What do you think bothers Bobby the most about Taylor starting their own firm? It’s obviously much deeper than him being competitive.
Betrayal. I’ll never forget George Bush Jr. saying, “You’re either with us or against us.” He made that sort of binary statement. Bobby is like that. He wants loyalty, and that’s it. Trump throws that word around a lot.
Interestingly, a character like Taylor is moving forward a conversation — as Asia is, themself — about looking at things in a less binary way. Axe, nevertheless, is absolutely entrenched in a binary view of the world. Certainly where he’s concerned, and certainly where loyalty to him is concerned. The greatest sin is for Axe to have spent time nurturing and raising Taylor, only for them to fly the nest and set up shop against him. That, in Axe’s world, is unforgivable.
Billions is a show about money and power, so I’m curious what your biggest financial extravagance is.
My biggest extravagance is probably guitars.
How many do you have?
I don’t have anything crazy. I have four guitars, and I just buy them when I’m in different places. I have a guitar for when I’m in New York. I have a guitar in London. I just have two vintage guitars for my children. I like guitars.
The most famous Homeland fan was President Obama. Who’s the most famous Billions fan, as far as you know?
I just talked to the former attorney general, Mr. Eric Holder, and he said he absolutely loved the show. I’m going to invite him on set and hopefully he’ll come visit. He’s a very famous guy.
What can you tell me about Run This Town, where you’re playing the infamous Toronto mayor Rob Ford?
It has a direct parallel with what’s going on here in America. Rob Ford was a populist, slogan-shouting politician with very little grasp of policy, but he somehow managed to endear himself to the electorate by seeming to be one of the guys. It’s not a Rob Ford biopic. It’s more a story about the effect of his actions on the people that work with him and the people around him. I very much liked the idea of playing him. I thought any director who’s crazy enough to call me up and ask me if I’d like to play Rob Ford would be an interesting guy to work with, and Ricky Tollman has done a fantastic job of it. I hope people see it.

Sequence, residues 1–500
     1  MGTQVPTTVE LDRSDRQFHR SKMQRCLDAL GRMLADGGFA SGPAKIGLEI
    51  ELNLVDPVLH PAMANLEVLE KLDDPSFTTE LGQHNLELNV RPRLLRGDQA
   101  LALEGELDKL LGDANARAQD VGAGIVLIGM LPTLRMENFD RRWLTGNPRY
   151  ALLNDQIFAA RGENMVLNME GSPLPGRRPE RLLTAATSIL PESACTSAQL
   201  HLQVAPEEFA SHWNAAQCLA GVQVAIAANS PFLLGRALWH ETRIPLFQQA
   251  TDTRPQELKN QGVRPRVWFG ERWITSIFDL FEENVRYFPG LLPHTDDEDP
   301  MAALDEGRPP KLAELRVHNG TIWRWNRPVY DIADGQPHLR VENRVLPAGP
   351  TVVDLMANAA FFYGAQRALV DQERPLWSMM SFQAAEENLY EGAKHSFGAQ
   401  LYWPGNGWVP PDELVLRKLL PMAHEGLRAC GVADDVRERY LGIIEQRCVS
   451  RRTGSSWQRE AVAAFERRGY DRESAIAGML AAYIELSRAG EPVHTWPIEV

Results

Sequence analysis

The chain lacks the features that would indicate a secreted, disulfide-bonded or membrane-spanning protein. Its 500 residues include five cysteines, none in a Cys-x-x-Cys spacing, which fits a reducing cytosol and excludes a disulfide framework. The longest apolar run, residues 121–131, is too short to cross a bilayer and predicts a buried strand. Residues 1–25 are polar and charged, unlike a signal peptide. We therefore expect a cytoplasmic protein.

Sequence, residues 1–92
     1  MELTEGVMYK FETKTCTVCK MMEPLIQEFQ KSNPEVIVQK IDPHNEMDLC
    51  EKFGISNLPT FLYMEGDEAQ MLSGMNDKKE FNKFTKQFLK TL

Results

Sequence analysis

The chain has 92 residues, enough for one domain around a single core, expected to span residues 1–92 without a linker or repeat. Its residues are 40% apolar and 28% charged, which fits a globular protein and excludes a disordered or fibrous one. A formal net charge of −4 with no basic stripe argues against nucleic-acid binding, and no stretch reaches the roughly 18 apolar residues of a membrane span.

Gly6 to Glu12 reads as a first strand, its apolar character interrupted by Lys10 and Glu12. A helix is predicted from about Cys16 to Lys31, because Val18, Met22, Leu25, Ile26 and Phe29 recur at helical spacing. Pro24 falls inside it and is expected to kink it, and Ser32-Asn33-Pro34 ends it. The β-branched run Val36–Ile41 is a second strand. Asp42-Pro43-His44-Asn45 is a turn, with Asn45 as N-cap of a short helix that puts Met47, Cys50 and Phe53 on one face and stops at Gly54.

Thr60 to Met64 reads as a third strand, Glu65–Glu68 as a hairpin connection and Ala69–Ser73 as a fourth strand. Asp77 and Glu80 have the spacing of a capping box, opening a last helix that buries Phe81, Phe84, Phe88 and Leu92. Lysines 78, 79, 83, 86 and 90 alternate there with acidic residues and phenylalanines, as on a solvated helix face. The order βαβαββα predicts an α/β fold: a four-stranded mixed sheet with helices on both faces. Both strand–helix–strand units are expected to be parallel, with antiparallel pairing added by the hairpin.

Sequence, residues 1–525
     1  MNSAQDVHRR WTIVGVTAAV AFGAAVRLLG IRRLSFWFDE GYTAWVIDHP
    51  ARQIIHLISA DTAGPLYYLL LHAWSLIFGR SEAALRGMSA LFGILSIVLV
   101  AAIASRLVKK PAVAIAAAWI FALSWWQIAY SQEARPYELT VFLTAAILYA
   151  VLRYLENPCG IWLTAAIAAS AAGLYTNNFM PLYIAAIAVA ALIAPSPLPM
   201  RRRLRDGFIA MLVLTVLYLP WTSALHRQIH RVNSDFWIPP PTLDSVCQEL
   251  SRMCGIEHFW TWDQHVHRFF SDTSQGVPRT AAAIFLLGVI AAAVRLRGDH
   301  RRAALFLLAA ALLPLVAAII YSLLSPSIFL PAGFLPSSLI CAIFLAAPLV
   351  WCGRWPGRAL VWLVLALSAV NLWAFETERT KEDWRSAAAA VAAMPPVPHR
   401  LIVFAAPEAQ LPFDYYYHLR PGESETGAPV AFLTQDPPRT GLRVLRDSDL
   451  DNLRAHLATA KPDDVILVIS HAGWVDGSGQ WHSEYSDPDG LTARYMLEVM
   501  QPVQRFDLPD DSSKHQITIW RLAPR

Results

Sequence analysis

That first photo of you in costume was so shocking. How did you react to seeing yourself all dressed up as Rob Ford for the first time?
I was amazed. The effects guys who specialize in special effects and latex suits, they did an incredible job. You look at yourself and say, wow. I think I’m pretty unrecognizable. In fact, it could be anyone under there. It might not even be me!
Okay, I joke that I made Timothée Chalamet. He was in Homeland, and I did make a call to my agent Brian Swardstrom and said, “I think you should get on the phone right away with this kid, because I think very soon, everyone’s going to be on the phone with him.” Brian did and they got together. It is probably true, given that Brian’s husband was producing Call Me by Your Name, that I had something to do with the fact that Timothée ended up in that movie. I didn’t make Timothée Chalamet. Although, of course, when I see him I tell him I did.